Yes there are private fisheries in Montana and I've fished two of them extensively. Armstrong Spring Creek and Nelson's Spring Creek. I've fished Armstong at least 150 days and Nelson's at least 60 days. For anyone about to either post I'm too rich or am exaggerating you need to know that back in the mid 1960's Amrstong Spring Creek was not a private pay fishery and while Nelson's was they charged only $10 per session. There were two sessions one from daybreak to 1:00 p.m. and the other from 1:00 p.m. to dark. I always booked the afternoon session as that is when the PMD's would emerge and we had the best dry fly action. From 1968 until 1971 I spent June, July, and August of each summer fishing all over MT. I had permission from the O'Hair family, the owners of of the ranch on which a portion of Armstrong flowed through, to park my VW Campmobile under a huge cottonwood right next to the creek. I often would fish the creek for a week or ten days until I wanted a break and would take a trip to another river like the Madison, Beaverhead, big Hole, or any one of the dozens of other rivers in Southwestern MT.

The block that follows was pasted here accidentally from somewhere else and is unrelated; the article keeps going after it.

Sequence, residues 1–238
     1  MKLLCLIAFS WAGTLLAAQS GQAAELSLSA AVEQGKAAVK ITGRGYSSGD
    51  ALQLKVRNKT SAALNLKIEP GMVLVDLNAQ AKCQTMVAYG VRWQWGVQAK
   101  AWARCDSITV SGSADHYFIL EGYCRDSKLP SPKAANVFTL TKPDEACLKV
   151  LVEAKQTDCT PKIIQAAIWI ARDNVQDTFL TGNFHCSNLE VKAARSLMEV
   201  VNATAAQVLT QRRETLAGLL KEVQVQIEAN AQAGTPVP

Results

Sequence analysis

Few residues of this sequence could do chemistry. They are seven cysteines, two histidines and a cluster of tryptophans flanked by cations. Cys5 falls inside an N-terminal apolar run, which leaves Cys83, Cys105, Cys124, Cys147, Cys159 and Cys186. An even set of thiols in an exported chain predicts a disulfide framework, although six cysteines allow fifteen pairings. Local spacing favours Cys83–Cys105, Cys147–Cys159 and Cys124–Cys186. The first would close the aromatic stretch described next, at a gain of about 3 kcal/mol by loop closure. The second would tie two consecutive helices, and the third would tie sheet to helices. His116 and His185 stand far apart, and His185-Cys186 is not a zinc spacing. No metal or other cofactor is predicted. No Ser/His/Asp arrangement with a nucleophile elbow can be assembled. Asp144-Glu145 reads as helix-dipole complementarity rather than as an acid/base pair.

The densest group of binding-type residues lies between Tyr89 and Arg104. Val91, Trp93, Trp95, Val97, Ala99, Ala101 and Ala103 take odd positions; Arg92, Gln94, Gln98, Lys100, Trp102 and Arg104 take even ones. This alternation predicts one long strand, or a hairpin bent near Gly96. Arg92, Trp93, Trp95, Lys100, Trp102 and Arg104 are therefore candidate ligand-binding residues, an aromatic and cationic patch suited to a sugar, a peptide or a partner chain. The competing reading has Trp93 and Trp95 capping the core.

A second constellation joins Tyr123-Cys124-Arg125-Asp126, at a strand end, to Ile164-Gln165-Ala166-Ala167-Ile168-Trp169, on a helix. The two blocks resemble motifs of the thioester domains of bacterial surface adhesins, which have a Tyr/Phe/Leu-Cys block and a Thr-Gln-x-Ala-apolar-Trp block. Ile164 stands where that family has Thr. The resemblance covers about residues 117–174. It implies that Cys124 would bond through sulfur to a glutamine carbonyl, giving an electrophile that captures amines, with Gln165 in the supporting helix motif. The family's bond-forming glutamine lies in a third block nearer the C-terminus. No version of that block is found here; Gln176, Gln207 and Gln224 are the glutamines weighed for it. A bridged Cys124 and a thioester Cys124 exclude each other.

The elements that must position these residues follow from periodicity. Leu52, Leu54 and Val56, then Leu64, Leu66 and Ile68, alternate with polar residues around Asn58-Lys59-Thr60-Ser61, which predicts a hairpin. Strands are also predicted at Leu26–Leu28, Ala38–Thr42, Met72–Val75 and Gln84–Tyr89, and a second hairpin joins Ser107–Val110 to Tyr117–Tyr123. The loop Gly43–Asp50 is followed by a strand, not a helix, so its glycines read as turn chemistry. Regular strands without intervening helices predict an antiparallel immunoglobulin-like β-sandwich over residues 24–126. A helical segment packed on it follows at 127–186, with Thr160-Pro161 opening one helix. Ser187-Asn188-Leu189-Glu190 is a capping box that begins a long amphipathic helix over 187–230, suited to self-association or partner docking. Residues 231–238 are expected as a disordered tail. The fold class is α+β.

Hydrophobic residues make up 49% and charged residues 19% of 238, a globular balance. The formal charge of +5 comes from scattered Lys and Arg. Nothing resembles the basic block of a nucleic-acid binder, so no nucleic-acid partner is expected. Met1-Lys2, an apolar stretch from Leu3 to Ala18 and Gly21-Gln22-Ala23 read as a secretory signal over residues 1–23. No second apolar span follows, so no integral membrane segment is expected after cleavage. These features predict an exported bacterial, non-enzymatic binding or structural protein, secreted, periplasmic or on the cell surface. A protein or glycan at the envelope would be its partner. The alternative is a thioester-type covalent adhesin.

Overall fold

The difference between Spruce Creek and any other private water that supplants it's wild trout population with stocked fish is the Montana spring creeks have no stocked fish and every fish is wild. In the spring and fall all one has to do is walk along the banks and see all the redds from the spawning rainbows and browns. The Montana spring creeks have strong aquatic insect populations and the trout are in excellent condition and fight fantastic. There is no comparison between Spruce Creek and any Montana spring creek. BTW if you are lucky enough to be able to get onto Spruce Creek a day permit is going to cost anywhere from $200 - $400 while you can fish Armstrong or Nelson's for $100 a day during the prime months and as little as $45 a day in the late fall and winter months.